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The Mahalwari system (Hindi: महलवारी) was a system introduced by Holt Mackenzie[citation needed] . The other two systems were the Permanent Settlement of Bengal in 1793 and the Ryotwari system in 1820. It covered the States of Punjab,Awadh and Agra, parts of Orissa and Madhya Pradesh. During the 1800s, the British tried to establish their control over the administrative machinery of India. The System of Land Revenue acted as a chief source of income of the British. Land was one of the most important source of income for the British. Thus, they used land to control the entire Revenue system, strengthening their economic condition in India.

The word Mahalwari (महलवारी) is derived from the Hindi word Mahal (महल), which means house, district, neighbourhood or quarter.[1] This system consisted of landlords or Lambardars claiming to represent entire villages or even groups of villages. Along with the village communities, the landlords were jointly responsible for the payment of the revenues. But, individual responsibility was always there. The land included under this system consisted of all land of the villages, even the forestland, pastures etc.

This system was prevalent in the parts of Uttar Pradesh, the North Western province, parts of Central India and Punjab[2]the Mahalwari system was introduced in the parts of central india and punjab due to the fertility of these two areas. the system was supposed to be revised after every 30 years, but this time period was not appropriate for the soldiers had to wait for such a long period of time for the system to be revised. moreover, the system did not take natural calamities in consideration and hence, led to debt and poverty while crop failures, droughts, earthquakes and other hazards when the land revenue was expected to be exempted.

Origin of the Mahalwari System[edit]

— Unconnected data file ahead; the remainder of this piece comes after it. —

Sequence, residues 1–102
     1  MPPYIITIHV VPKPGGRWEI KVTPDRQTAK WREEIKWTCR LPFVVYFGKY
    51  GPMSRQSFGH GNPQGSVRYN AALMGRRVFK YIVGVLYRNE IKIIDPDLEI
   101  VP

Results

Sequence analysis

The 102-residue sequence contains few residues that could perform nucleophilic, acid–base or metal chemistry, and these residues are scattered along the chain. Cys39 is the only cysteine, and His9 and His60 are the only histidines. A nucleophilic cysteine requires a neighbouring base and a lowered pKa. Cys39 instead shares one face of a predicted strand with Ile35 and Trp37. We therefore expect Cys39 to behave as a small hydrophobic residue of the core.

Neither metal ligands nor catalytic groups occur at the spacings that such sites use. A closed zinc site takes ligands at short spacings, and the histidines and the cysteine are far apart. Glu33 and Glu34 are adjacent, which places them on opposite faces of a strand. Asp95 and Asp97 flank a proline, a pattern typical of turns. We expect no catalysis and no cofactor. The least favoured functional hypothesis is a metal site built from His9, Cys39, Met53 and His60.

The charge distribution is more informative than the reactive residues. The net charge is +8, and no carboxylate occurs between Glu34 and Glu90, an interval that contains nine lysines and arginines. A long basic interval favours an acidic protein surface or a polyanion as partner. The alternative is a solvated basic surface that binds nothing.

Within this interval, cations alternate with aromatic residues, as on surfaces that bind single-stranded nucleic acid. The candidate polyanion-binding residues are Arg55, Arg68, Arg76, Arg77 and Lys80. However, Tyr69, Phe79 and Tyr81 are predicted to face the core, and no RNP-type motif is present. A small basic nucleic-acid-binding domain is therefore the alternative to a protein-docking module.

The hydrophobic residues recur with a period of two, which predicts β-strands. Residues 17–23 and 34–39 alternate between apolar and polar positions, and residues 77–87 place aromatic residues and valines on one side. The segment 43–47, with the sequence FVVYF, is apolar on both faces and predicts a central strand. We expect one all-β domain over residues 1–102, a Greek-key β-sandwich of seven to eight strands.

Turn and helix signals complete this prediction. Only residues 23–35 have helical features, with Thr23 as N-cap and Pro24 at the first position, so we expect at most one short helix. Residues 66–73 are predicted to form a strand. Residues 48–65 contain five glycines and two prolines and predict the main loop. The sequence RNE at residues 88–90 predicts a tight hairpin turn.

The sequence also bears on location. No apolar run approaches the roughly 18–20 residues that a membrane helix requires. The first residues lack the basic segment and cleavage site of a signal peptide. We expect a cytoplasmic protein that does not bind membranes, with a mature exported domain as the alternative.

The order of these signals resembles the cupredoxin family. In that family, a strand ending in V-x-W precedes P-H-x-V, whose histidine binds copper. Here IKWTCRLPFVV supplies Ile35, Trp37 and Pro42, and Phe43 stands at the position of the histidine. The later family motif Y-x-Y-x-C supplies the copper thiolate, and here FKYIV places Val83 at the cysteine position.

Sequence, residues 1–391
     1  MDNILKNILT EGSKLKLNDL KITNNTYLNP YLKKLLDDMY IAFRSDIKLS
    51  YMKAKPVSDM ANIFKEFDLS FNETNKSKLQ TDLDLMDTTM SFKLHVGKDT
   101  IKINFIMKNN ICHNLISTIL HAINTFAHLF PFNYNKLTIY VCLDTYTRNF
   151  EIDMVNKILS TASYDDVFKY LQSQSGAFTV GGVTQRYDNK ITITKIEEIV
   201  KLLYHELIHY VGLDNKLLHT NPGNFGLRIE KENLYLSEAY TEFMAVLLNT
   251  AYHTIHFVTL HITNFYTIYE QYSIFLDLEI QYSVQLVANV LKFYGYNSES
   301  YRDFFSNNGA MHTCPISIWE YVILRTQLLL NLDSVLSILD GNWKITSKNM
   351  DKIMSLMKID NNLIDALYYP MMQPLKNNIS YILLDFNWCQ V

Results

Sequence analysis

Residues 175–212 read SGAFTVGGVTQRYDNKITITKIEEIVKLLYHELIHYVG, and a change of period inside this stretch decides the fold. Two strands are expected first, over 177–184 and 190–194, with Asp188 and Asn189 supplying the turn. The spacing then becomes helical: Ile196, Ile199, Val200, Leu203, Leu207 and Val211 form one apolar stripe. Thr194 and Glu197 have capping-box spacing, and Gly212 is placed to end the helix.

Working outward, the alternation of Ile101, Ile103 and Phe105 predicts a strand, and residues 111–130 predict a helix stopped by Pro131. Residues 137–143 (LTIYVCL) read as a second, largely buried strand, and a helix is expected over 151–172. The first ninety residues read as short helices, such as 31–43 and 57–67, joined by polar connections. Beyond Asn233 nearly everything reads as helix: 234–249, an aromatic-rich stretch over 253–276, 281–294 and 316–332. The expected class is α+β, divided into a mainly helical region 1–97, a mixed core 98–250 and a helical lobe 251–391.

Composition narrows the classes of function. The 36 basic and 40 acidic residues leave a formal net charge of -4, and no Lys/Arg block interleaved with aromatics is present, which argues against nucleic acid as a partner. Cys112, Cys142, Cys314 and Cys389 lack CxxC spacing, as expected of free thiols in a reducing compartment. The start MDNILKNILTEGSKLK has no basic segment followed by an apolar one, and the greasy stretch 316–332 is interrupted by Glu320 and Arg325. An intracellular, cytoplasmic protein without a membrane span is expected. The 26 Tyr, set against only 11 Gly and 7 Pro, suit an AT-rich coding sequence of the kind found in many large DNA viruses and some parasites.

The north-western states and Awadh (also known as Oudh) were two important territories acquired by the British in India. In 1801, the Nawab of Awadh surrendered the districts of Allahabad to the East India Company. The Jamuna and the Ganges came to the British after the Second Anglo-Maratha War. Lord Hastings conquered more territories of North India after the Third Anglo-Maratha War in the year 1820.

The village headman or Lambardar was completely responsible for all the recommendations, the survey of lands, preparation of the records of rights in lands, settlement of the land revenues, demand in the Mahals, and the collection of the land revenue. The Regulation VII of 1822 accredited the legal sanction to these recommendations. In cases where estates were not held by the landlords, but by the cultivators in common tenancy, the state demand was allowed to be fixed at 95% of the rental. However, quite unfortunately, this system broke down as the state demand was excessively large and its working was quite rigid. The amount, payable by the cultivators was quite more than what they could afford.[3]

Development of Mahalwari System[edit]

William Bentinck

The government of William Bentinck made a thorough revision of the act of 1823, and thus the Mahalwari System was introduced. They realized that the result of the Regulation of 1822 was nothing other than widespread misery.

After a prolonged consultation, the Government finally passed a new regulation in 1823. The mahalwari system of land revenue was introduced by Holt Mackenzie and Robert Merttins Bird. It played a lage part in making the system more flexible. The process of preparing estimates of produce and rents was simplified too. It also introduced the fixation of the average rents for different classes of soil. This scheme functioned under Mettins Bird. The processes of measuring land, examining soil quality was improved further. The State demand was fixed at 66% of the rental value and the Settlement was made for 30 years.

The Mahalwari system of land revenue worked under the scheme of 1833 was completed under the administration of James Thompson. The 66% rental demanded proved very harsh, too. In the Saharanpur Rules of 1855, it was revised to 50% by Lord Dalhousie. However, the British officers hardly cared of these rules. This created widespread discontent among the Indians.[4]

See also[edit]


  1. ^ "Mahalwari system". Encyclopædia Britannica.
  2. ^ Chapter 4: Getting Ahead in Social Science with CCE 8 pagal published by Orient Blackswan.
  3. ^ [self-published source]
  4. ^ Cohn, Bernard S. (August 1960). "The Initial British Impact on India: A case study of the Benares region". The Journal of Asian Studies. Association for Asian Studies. 19 (4): 418–431. doi:10.2307/2943581. JSTOR 2943581.

Further reading[edit]